What bothers me is that only comedians can be in films. I think since the sixties, with people on TV always cursing white people but not presenting any intellectual viewpoint, that any black person who tries to exhibit any kind of intellect is considered as trying not to be black. We have allowed social scientists to redefine what type of people we are. I play mom European [music] to pay respect to a great, great music which had nothing to do with racial situations. Beethoven wasn’t thinking about the social conditions in America when he wrote something, he was thinking about why did he have to get off the street for the princes.
So his music has the same type of freedom and struggle for abolition of the class system, as Louis Armstrong’s music is a celebration of that abolition. See, Beethoven’s music has that struggle in it. Louis Armstrong is the resolution of that. This gigantic cultural achievement is Just going to be redefined unless I take an active part in saying what I think is correct. HANCOCK: Now that you’ve voiced alone all, but many of your objectifications do you do about it? How do we make it better? If all we do is complain… MARSHALS: We’re not complaining. We’re providing people with information.
HANCOCK: Well, there’s two ways to provide people with information. One way is to point your finger at them or intimidate them by pulling at their collars. But many times what that does is it makes the person feel uncomfortable, and then if he starts to get on the defensive, you’ve lost more ground than you’ve gained. So I’ve found from my own life that I can get more accomplished y getting a person inspired to do something. Inspiration, not intimidation. MARSHALS: ‘Kept intimidation is good, too. HANCOCK: This is where you and I differ. I haven’t said much before because I’m not like that.
MUSICIAN: You’ve really defined your point of view in terms of this interview, and Herb hasn’t yet. MARSHALS: I was talking too much. Sorry I was being uncoil. HANCOCK: No, no, no. It was cool. It’s all right. I’ll come back another day when you’re not here …. [general laughter] MARSHALS: The problem is in the educational system. I’ve had conversations with people about you. Musicians have no idea who you are. They have no understanding or respect for being able to play. It’s Just like they think they’re you or something. The first question I hear everywhere is, “How do you get over?
How did you get your break with Herb? ” I said, “When I was with Herb and them, I was Just fortunate to be on the bandstand. Just to be learning from Herb … ” No, seriously, man, I’m not saying it to kiss your ass. You know it’s true. HANCOCK: That’s what I feel about him. He came in with one trumpet, nineteen years old playing with me, Ron, and Tony. MARSHALS: I was scared. HANCOCK: When I heard him play, then I had to call up Ron and Tony and say MARSHALS: Hey, this mother is sad. (laughs] HANCOCK: Look, it’s goanna work. What he did was so phenomenal. You remember that tour. That tour was bad.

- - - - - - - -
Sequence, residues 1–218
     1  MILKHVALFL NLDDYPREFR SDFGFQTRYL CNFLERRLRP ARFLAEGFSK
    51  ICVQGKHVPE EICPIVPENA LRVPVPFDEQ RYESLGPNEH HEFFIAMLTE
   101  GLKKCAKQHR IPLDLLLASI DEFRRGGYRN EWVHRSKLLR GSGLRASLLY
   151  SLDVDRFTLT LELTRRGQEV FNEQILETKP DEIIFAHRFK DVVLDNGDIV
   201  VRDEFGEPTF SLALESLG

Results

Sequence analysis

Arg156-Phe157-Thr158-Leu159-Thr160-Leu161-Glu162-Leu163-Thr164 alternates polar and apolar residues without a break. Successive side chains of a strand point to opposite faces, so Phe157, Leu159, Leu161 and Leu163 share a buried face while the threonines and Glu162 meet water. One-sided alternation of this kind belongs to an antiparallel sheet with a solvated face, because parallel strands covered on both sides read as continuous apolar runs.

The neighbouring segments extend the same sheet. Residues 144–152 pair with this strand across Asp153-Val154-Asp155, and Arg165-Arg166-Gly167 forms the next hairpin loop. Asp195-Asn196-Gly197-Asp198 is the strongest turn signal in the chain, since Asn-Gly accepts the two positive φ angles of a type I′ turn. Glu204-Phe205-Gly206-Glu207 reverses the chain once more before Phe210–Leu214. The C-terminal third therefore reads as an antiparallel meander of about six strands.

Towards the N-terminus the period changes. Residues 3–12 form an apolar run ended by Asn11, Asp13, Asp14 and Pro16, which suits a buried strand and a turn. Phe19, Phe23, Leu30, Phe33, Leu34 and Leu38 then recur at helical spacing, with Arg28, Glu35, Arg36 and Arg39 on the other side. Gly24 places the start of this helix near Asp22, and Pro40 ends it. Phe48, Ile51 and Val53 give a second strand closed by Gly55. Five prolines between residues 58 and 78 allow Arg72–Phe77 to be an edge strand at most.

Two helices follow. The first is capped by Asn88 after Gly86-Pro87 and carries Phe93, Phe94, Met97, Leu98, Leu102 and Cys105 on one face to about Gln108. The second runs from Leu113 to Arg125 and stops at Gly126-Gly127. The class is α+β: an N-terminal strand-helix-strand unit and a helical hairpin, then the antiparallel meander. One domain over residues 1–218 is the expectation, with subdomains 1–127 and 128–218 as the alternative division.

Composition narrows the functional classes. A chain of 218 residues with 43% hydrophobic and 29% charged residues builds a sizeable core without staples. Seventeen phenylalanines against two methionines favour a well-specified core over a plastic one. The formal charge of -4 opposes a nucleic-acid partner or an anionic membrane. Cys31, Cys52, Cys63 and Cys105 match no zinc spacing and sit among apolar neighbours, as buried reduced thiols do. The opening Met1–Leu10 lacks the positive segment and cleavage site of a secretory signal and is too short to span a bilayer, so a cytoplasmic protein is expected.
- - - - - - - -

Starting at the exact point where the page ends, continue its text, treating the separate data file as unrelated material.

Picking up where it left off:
MARSHALS: I learned so much on that tour, man. HANCOCK: So did l, man. You taught me a lot. You made me play. Plus you made me get some new clothes. [laughs] MARSHALS: I can get publicity until I’m a hundred. Stuff that you know. Even “Rocket” has elements that I can relate to. But in general you made funk cats musicians. And that has been overlooked. MUSICIAN: In the end, were the compromises involved in doing the video worth it? HANCOCK: I had a choice. And I’m proud of the choice that I made. But as a result, what happened? Between Michael Jackson’s video and my video, the impact opened the thing up.
Now, I’m sure Michael can take more credit for that. Anyway;ay, if it was true that MET was racist MARSHALS: It was true. You don’t have to say “if. ” HANCOCK: I have never claimed that to be true. MARSHALS: I’ll say it. HANCOCK: I’ve only claimed that this is what I observe. But now you see plenty of videos with black artists. It doesn’t even look like there’s any difference anymore. Even though I wasn’t even looking for that as a solution, if this additional thing was accomplished, I feel really good about that. And I feel good about getting five awards on MET. They were trying to copy something before.
Now they realize they have something that’s more powerful than what they were trying to copy. MARSHALS: The sound of Michael Jackson’s music, the sound of Prince’s music, the sound of “Rocket” that sound is not black. People are consciously trying to be crossovers. I’ve read interviews where people say, “We take this type of music and we try to get this type of sound to appeal to this type of market to sell these many records. ” MUSICIAN: Do you think Michael did that? MARSHALS: Of course he did. But the thing that separates Michael Jackson from all other pop artists is the level of sincerity in his music.
MUSICIAN: You’re saying he’s got sincerity, and yet at the same time he contoured his sound? MARSHALS: He’s a special person. He’s not contrived. What I don’t understand is why he did that cut with Mice Jaeger. HANCOCK: I’ll tell hay, I Just did a record with Mice Jaeger and, man, Mice Eager’s bad. MARSHALS: Yeah, well.. HANCOCK: I didn’t know that. And you don’t know that, either. MARSHALS: I’m not doubting that he’s bad… HANCOCK: Wanton, you don’t know that. MARSHALS: I’m not doubting that he’s bad, Herb. Check it out. But a lot of pop music is geared toward children.
It’s not something that I can really have a serious discussion about. HANCOCK: You’re right. It’s geared toward teens and the preteens. So what it’s doing is stimulating my own youth and allowing me to express my own youth. Because it’s not like I’m doing my daughter’s music. This is my music. And we both happen to like it because we both feel that youthful element. People tell me I look younger now than I did five years ago. And I do… Except in the morning. [laughs] I would venture to say that a lot of it has to do with the music I’m playing now. Electric music, you know. I’m finding a door that hasn’t been opened.
That’s exciting me, and I’m given the opportunity to use some elements from the “farthest out” Jazz stuff in this music, and have it be unique. MUSICIAN: How do you get human feeling in automated, computerized music like that? HANCOCK: First we create the music. Afterwards I sit back and listen, and sometimes I discover things that I wasn’t really thinking about when I was doing them. I hear the elements that have warmth. Sometimes it’s a particular synthesizer sound. But it could be how it’s played. Of pop music is to sell records that appeal to people on a level that they want to accept it on.